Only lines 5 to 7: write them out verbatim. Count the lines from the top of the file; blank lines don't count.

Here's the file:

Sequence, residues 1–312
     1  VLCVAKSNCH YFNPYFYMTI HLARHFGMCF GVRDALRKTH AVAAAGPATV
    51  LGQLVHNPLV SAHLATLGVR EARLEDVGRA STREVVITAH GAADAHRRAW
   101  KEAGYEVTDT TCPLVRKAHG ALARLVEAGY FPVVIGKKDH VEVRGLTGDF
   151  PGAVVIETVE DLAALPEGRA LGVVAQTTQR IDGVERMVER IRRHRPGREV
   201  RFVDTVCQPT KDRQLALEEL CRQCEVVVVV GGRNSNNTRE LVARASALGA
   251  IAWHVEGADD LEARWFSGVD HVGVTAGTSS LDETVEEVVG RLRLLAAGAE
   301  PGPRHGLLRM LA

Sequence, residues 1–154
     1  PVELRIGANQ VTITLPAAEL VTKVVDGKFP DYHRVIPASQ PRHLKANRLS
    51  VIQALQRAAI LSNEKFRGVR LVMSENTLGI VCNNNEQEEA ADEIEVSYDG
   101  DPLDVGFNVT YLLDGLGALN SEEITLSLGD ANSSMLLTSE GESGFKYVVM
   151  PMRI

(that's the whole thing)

   151  PGAVVIETVE DLAALPEGRA LGVVAQTTQR IDGVERMVER IRRHRPGREV
   201  RFVDTVCQPT KDRQLALEEL CRQCEVVVVV GGRNSNNTRE LVARASALGA
   251  IAWHVEGADD LEARWFSGVD HVGVTAGTSS LDETVEEVVG RLRLLAAGAE